The New Yorker
February 15, 2017
Here is an excerpt:
Computers are often likened to brains, but they work in a manner foreign to biology. The computing architecture still in use today was first described by the mathematician John von Neumann and his colleagues in 1945. A modern laptop is conceptually identical to the punch-card behemoths of the past, although engineers have traded paper for a purely electric stream of on-off signals. In a von Neumann machine, all data-crunching happens in the central processing unit (C.P.U.). Program instructions, then data, flow from the computer’s memory to its C.P.U. in an orderly series of zeroes and ones, much like a stack of punch cards shuffling through. Although multicore computers allow some processing to occur in parallel, their efficacy is limited: software engineers must painstakingly choreograph these streams of information to avoid catastrophic system errors. In the brain, by contrast, data run simultaneously through billions of parallel processors—that is, our neurons. Like computers, they communicate in a binary language of electrical spikes. The difference is that each neuron is pre-programmed, whether through genetic patterning or learned associations, to share its computations directly with the proper targets. Processing unfolds organically, without the need for a C.P.U.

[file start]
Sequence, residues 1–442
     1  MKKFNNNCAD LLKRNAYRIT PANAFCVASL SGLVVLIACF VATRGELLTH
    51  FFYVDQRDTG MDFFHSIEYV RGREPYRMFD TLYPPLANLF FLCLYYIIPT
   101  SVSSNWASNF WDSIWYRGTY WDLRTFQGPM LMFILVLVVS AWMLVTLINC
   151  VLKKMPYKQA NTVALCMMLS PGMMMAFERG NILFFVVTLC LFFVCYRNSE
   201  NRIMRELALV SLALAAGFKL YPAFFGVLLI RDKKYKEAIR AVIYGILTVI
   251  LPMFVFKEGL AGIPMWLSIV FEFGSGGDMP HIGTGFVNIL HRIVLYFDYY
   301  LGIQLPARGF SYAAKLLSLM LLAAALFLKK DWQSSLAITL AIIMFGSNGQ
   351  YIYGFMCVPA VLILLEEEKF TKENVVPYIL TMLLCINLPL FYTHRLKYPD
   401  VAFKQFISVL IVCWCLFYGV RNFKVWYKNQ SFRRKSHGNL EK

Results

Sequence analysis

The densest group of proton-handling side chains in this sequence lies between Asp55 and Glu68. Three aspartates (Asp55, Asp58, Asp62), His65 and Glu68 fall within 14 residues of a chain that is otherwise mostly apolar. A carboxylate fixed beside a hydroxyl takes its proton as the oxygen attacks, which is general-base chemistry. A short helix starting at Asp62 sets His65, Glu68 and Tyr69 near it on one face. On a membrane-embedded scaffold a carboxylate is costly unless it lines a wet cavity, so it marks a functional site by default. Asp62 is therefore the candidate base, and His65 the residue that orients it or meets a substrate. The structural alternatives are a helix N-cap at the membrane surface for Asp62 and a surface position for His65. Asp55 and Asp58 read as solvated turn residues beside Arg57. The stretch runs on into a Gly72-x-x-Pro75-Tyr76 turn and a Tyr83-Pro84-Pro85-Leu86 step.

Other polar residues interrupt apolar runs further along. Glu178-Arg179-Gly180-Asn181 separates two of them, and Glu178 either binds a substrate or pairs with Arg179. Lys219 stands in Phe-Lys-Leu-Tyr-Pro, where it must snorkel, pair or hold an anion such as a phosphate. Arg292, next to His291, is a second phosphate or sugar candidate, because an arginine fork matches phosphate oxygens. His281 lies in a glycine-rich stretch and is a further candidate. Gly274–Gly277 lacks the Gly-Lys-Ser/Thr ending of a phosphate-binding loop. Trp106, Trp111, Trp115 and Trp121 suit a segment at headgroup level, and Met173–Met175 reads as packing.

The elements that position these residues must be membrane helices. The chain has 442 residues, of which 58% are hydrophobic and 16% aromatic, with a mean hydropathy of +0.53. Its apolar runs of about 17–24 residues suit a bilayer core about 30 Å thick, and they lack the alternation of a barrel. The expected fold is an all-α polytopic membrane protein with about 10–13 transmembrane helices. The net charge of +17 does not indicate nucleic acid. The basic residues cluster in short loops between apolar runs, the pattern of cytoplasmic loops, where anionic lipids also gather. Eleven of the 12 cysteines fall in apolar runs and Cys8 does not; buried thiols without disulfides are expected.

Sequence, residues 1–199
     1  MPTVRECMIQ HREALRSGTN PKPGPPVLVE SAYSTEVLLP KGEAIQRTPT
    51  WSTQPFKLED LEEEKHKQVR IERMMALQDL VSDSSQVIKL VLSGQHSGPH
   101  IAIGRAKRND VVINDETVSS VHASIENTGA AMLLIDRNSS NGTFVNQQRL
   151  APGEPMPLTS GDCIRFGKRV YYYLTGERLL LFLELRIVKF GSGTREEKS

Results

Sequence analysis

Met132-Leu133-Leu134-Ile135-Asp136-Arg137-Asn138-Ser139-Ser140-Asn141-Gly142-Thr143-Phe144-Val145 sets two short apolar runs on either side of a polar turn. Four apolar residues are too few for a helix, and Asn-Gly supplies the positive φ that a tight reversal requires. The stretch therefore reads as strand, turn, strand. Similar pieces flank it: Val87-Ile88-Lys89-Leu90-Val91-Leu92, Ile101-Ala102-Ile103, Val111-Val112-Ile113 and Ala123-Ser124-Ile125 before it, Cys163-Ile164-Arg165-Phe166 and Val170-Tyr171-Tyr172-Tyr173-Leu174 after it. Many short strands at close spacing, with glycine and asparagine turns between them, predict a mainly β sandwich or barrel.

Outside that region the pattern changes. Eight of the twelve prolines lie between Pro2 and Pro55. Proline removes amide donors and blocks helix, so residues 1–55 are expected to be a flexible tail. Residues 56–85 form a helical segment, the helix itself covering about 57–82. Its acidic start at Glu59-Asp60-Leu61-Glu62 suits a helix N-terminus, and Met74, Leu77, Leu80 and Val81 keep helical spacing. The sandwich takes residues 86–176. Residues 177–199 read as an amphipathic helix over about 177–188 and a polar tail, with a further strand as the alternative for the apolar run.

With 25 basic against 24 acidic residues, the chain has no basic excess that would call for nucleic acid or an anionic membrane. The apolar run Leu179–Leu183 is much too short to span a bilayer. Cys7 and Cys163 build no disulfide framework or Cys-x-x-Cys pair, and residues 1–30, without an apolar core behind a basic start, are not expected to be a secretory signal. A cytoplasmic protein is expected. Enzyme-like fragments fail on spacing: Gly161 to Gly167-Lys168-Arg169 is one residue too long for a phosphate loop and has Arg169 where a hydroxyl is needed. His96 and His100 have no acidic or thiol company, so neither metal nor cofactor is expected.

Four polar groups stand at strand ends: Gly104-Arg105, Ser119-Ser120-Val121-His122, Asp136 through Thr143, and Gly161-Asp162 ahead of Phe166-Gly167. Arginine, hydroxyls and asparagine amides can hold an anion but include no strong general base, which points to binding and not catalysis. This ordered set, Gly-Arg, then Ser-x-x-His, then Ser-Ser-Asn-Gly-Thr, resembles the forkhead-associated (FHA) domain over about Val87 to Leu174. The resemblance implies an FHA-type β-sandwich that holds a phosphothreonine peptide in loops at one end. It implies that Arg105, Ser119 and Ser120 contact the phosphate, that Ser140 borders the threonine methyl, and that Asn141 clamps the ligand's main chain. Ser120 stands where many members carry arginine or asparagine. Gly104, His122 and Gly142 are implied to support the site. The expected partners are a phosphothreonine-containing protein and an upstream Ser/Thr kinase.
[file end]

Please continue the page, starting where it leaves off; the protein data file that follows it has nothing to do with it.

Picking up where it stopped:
The article is here.
Note: Consciousness is a product of evolution. Artificial intelligence is a product of evolved brains.